Thursday, July 22, 2010

SFSFF 2010: THE STRONG MAN (1926)—Kevin Brownlow Introduction

Matthew Kennedy hosted a brunch in honor of Photoplay Productions, this year's recipient of the Silent Film Festival Award, whereat he introduced me to Kevin Brownlow. Brownlow was quick to disavow credit for the discovery of the Metropolis print found in Buenos Aires, Argentina, though he remained flattered by Fernando Peña's sentiment at the previous evening's screening that—if it were not for Kevin Brownlow—many archivists, Peña included, would not have become enamored with and dedicated to the preservation and restoration of silent films.

Brownlow carries himself with Old World elegance, mannered and respectful, though a bit cautious when strangers rush up to fawn over him. This is, perhaps, the wisest policy. On stage, however, he is in full command of his persona: erudite, generous and compelling. He and his colleague Patrick Stanbury accepted the 2010 Silent Film Festival Award from SFSFF Executive Director Stacey Wisnia on behalf of Photoplay Productions, who provided SFSFF the 35mm print of Frank Capra's The Strong Man (1926), courtesy of Douris, Ltd. As Brownlow mentioned earlier to Wisnia, he has been studying silent film longer than the era of silent film lasted.

"When I first started involving myself in screening and presenting silent films 40+ years ago in the 1960s," Patrick Stanbury stated in his acceptance of the award, "I couldn't dream of the possibility of not only restoring films but bringing them back to a large audience in such a wonderful theater as this. I'm delighted to be here in San Francisco and very grateful for this award. Photoplay has always believed in putting back the best possible quality prints on the screen and the film you're going to see today—The Strong Man—is an exceptional print made off the original negative, better than which you should not be able to get. And here to tell you more about this...." Stanbury conceded the microphone to Kevin Brownlow.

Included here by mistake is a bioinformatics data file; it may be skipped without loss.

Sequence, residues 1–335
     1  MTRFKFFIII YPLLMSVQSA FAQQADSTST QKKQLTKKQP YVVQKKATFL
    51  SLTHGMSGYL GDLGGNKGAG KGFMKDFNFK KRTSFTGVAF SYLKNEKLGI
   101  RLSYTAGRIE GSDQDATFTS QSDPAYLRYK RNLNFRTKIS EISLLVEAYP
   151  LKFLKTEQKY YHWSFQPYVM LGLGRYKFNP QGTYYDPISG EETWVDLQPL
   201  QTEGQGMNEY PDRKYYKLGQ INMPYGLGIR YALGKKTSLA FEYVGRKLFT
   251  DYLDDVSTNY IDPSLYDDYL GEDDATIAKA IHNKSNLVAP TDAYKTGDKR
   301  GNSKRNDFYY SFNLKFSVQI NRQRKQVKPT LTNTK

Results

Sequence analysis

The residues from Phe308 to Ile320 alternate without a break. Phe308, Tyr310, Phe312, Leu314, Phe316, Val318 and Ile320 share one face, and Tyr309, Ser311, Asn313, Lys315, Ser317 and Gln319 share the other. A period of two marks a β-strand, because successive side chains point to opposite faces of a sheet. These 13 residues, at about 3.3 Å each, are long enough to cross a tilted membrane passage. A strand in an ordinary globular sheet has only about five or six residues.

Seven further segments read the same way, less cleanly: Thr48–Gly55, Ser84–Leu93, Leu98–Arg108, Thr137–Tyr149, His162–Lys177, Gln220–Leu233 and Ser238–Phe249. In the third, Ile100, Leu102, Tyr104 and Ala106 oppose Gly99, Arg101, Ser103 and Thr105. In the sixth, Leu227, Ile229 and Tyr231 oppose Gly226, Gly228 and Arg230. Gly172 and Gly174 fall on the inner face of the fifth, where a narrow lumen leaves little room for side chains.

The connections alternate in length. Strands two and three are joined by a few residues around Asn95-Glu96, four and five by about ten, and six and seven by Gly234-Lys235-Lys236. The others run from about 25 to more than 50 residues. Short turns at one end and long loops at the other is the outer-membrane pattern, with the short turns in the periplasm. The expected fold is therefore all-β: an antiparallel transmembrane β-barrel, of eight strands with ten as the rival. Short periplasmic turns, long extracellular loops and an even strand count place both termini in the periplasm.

Expressing that it was marvelous to be at SFSFF at long last, Brownlow admitted he was most impressed "in every direction" with the souvenir program and its well-researched essays. He wondered what he could possibly add to Roberto Landazuri's contribution? He was equally impressed with the enthusiasm of the audience and hoped to ship them all out to England when they do their silent film festival. Confirming as "very true" the SFSFF slogan—"True art transcends time"—, Brownlow added that it is equally true when they say that art is the concealment of effort. Nothing proves that more than The Strong Man, starring Harry Langdon.

"Once upon a time," Brownlow reminded, "Harry Langdon was the fourth great comedian. Now he's fallen into undeserved obscurity. Certainly, he was a quieter comic than the others—you had to concentrate harder—but, he was highly rewarding. His was a simple child-like and immensely vulnerable character who stared at the world like a startled white mouse.

"This masterpiece comedy somewhat disconcertingly starts in WWI, Harry being a Belgian soldier captured by a German who turns out to be Zandow the Great [Arthur Thalasso]. After the war this strong man is invited to America and takes Harry as his assistant. They search for Mary Brown, a girl who wrote to him in the trenches and a surprising number of women admit to being Mary Brown. Capra and co-writer Arthur Ripley and, incidentally, an uncredited Tay Garnett cleverly weave the social problems of the 1920s—prohibition, organized crime, prostitution—into the comedy.